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Re: SS to CFFB Transition

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Originally Posted by Gonzalo Fernandez View Post
Your numbers are in no way indicative of whether or not you are a novice or intermediate. It is based on how much you are progressing from workout to workout and how well you are able to recover. A strong novice may be able to squat 300lbs and increase by 5 lbs each workout and recover without any problems.
This is few and far between though, a man like that would be very gifted genetically indeed. For us mere mortals, I think these numbers are a legitimate means of bracketing people.
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Old 11-22-2009, 01:29 PM   #7
Joe Bernard
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Re: SS to CFFB Transition

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Originally Posted by James Forshaw View Post
This is few and far between though, a man like that would be very gifted genetically indeed. For us mere mortals, I think these numbers are a legitimate means of bracketing people.
Gonzalo is right, Rip and Justin have talked about this extensively.
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Old 11-22-2009, 01:43 PM   #8
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Re: SS to CFFB Transition

On the other hand, some of the guys at 70's Big made it over 400x5 on linear progression. You never know until you try.
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Old 11-22-2009, 05:20 PM   #9
Gonzalo Fernandez
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Re: SS to CFFB Transition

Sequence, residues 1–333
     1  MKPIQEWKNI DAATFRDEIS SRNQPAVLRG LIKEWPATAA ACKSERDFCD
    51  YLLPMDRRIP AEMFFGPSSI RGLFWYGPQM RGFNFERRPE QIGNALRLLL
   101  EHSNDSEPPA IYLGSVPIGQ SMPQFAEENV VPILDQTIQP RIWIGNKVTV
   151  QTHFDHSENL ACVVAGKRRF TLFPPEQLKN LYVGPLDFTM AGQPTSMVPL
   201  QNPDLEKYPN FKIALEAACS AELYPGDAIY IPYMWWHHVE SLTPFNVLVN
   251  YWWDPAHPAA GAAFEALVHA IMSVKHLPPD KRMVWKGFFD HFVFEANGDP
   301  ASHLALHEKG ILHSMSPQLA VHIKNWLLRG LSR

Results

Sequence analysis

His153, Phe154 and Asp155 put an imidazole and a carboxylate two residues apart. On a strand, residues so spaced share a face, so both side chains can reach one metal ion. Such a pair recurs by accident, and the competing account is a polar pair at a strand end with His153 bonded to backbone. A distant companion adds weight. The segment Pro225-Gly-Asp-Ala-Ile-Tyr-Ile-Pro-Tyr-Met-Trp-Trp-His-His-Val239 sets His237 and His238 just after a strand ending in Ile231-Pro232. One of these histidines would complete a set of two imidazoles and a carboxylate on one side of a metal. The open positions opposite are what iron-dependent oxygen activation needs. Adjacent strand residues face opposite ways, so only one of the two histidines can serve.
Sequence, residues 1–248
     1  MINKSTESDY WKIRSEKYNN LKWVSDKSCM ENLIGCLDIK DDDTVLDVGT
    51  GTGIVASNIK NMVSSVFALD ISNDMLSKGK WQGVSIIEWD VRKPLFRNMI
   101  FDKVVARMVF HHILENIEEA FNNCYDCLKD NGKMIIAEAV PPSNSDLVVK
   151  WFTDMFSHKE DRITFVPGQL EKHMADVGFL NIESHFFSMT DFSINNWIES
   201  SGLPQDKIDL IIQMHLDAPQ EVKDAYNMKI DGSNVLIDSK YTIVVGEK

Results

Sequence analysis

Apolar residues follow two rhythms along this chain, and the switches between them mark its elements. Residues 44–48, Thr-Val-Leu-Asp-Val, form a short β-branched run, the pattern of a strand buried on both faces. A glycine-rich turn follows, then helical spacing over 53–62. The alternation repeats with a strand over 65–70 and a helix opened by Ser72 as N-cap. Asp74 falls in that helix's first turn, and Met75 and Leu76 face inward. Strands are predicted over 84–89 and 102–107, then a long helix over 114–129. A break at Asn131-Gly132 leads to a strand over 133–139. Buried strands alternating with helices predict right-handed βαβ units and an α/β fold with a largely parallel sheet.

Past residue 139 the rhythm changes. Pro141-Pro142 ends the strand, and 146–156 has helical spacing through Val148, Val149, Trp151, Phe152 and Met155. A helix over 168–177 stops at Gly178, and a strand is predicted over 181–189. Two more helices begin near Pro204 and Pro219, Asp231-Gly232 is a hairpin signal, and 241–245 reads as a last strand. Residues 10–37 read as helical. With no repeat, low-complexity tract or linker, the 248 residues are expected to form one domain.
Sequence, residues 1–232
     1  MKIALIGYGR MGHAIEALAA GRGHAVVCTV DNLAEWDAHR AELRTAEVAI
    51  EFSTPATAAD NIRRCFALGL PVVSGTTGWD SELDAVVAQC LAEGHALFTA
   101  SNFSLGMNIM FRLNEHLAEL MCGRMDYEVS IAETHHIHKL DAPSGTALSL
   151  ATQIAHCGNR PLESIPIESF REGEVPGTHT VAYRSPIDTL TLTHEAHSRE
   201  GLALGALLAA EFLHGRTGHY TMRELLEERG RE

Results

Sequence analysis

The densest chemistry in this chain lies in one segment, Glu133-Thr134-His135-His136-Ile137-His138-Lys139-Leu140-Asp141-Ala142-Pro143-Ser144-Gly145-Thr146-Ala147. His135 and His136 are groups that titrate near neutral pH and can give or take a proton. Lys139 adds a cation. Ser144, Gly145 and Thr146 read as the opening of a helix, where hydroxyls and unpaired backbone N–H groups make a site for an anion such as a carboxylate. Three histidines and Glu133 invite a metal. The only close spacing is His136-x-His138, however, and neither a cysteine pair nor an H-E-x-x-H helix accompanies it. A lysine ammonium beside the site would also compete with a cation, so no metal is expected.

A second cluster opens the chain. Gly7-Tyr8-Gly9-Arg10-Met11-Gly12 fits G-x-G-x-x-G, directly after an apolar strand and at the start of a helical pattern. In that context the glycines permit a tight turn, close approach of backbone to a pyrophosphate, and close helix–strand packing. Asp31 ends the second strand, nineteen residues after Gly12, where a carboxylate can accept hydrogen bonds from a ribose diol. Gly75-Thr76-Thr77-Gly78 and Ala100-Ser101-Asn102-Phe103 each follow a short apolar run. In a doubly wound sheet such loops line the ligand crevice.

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Originally Posted by James Forshaw View Post
This is few and far between though, a man like that would be very gifted genetically indeed. For us mere mortals, I think these numbers are a legitimate means of bracketing people.
Rip clearly states in his book PPST why that assumption is wrong. A novice stage lasts as long as you continue to make consistent and regular gains each workout. Once that is exhausted, you become an intermediate, regardless of what your numbers are.

If you don't have the book, here is a link to his forum that helps to explain. I could not find the exact thread I was looking for, but it is close enough

http://****************.com/resource...ad.php?t=13314 (not f/w/safe due to language)

Hope this helps to clarify things.
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Old 11-22-2009, 05:45 PM   #10
David Meverden
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Re: SS to CFFB Transition

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Originally Posted by Gonzalo Fernandez View Post
Rip clearly states in his book PPST why that assumption is wrong. A novice stage lasts as long as you continue to make consistent and regular gains each workout. Once that is exhausted, you become an intermediate, regardless of what your numbers are.

If you don't have the book, here is a link to his forum that helps to explain. I could not find the exact thread I was looking for, but it is close enough

http://****************.com/resource...ad.php?t=13314 (not f/w/safe due to language)

Hope this helps to clarify things.
Yup. Rips definition (which is different than most people are used to) is a far more useful way to categorize people than arbitrary numerical tags. That's why in Practical Programming edition 2 he removed the tables similar to the strength standards linked earlier.

=====================================

As for the OP's question, I'm thinking the safest way to go is to start amateur, but reset a month worth from your ending SS numbers. This will give you time for your body to adjust to the new work load. Then switch to the more complicated training once you stall out, probably at or near your former maxes.